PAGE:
Littleborough is a town with a plan
PUBLISHED: 10:16 03 June 2013 | UPDATED: 10:16 03 June 2013
The people of Littleborough are being urged to have their say on the future of the town, as Paul Mackenzie reports.
Photography by: John Cocks
Tucked among the south Pennine hills, parts of the compact town have changed little in the last 100 years. It has retained much of its charm and the Civic Trust want to keep it that way. They have begun the process of creating a Neighbourhood Plan which would give them a say over future developments in the town.
The plans were created by the Localism Act of 2011 which was intended to decentralise planning from Whitehall to communities.
In Littleborough, the forum would cover the same area as the old Urban District Council which held its last ever meeting in the early 1970s.
It was around that time that the Littleborough Civic Trust was formed and since then the group has recorded an impressive list of achievements. They succeeded in re-opening the Rochdale Canal through the town and were heavily involved in creating Hollingworth Lake country park and helping to launch the Coach House, an exhibition space, meeting place, café and tourist information office in the town centre.
The Civic Trust was also behind the Town Design Statement, published in 2005, and they are now hoping to build on that with the Neighbourhood Plan.
The Localism Act 2011 created a range of measures to provide more power to local communities but before the plan can come into effect a forum of at least 21 people from across the area must be created. That group can then agree on a Neighbourhood Plan which would need to be ratified by the local council, in this case Rochdale Council.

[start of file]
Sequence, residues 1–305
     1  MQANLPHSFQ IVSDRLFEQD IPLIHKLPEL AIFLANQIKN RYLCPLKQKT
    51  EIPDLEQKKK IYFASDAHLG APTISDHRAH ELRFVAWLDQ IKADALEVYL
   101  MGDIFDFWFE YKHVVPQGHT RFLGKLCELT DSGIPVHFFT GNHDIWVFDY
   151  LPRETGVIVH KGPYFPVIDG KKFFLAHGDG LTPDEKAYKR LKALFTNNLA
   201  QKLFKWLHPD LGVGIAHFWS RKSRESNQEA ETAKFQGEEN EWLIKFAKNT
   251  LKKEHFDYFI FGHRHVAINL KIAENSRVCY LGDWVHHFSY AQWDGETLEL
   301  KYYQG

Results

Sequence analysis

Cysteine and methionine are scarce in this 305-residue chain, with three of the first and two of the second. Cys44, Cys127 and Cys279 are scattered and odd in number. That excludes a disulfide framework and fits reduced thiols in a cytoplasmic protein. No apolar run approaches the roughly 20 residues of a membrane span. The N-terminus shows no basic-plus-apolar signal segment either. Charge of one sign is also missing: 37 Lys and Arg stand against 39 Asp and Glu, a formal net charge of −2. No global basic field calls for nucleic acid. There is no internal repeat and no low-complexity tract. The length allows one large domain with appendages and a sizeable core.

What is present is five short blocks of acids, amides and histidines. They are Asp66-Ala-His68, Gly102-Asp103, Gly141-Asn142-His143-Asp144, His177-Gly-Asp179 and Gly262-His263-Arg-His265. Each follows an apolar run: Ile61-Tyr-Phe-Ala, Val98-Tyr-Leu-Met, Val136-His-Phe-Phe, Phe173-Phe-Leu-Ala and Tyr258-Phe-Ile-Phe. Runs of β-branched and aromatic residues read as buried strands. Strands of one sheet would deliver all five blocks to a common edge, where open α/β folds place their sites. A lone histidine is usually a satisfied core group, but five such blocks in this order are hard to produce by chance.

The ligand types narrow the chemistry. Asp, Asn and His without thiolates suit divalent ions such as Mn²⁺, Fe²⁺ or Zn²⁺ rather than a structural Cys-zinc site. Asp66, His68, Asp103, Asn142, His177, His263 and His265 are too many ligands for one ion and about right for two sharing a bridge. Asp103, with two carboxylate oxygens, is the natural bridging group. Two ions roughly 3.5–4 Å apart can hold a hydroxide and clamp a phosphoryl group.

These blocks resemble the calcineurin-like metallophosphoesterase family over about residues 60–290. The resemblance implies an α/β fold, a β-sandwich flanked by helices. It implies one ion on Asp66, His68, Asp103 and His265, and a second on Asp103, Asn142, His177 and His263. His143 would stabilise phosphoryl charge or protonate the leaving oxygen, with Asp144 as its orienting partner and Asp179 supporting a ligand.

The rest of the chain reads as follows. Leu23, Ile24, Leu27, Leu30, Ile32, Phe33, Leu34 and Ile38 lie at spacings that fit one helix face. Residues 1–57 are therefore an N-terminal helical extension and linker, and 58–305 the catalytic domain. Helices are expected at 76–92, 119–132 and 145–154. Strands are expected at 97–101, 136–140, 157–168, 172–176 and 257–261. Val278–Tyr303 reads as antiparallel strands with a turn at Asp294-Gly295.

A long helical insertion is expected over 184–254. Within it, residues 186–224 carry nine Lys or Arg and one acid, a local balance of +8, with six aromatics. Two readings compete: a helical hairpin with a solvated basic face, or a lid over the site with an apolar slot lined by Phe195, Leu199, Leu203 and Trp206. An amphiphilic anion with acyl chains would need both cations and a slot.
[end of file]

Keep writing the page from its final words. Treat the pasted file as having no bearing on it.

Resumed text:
The Plan can guide the future development, regeneration and conservation of the area and it can contain proposals for improving the area or providing new facilities as well as dealing with issues such as housing, employment, heritage and transport.
Iain Gerrard, the Civic Trust secretary since 1999, said: ‘We hope it will bring more autonomy to the area.
‘I think there is a feeling that since we lost the Urban District Council Littleborough has become to all intents and purposes a part of Rochdale. There are considerable restrictions on what the plan will allow us to do but we hope it will give the people of Littleborough a little more say in what happens to the town in the future.
‘This freeing up of local people to do what they want to do with their town is heavily bound by European, national and regional strictures that are already in place. But we would hope that if the Neighbourhood Plan is established it would mean we would be able to have a say on proposed developments in Littleborough. It would be good if we were able to tidy up the street furniture around Littleborough too.’
And Iain, a retired architect, added: ‘The key thing is that this is not just the Civic Trust’s Neighbourhood Plan, this is for all the people of Littleborough and we want as many of them as possible to get involved.’
Lots to like at the lake
Littleborough is home to a pleasing selection of small independent shops and cafes but the town’s most popular attraction is a mile from the centre.
Hollingworth Lake was completed in 1800 and was created to supply water to the Rochdale Canal, once a vital link with the woollen mills of Yorkshire. Captain Matthew Webb, the first person to swim the English Channel unaided, trained each week in the lake and it continues to host water sports, though not many participants are covered in goose fat these days.
The lake is part of a country park and nature reserve which has been voted the North West’s favourite picnic spot and attracts crowds of people and all manner of wildlife. Walking the peaceful two and a half mile path around the lake on a quiet day it can be a surprise to look up and see the M62 thundering past across the Rakewood Viaduct.
Water sports equipment can be hired from the visitor centre (01706 373421).
Big fun in Littleborough
How to get there: Littleborough is a few minutes drive from Junction 21 of the M62 among the south Pennines, fives miles from Rochdale and 12 from Manchester.
Where to park: There are car parks and some limited free on-street parking in the town centre and pay and display car parks at Hollingworth Lake.
What to do: Walkers are spoiled for choice here, with the Pennine Way, the Rochdale Way and the Mary Townley Loop and Hollingworth Lake all nearby. Once you’re tired out, relax in the town centre shops, cafes and pubs.
For more information contact Rochdale Tourist Information Centre on 01706 864928.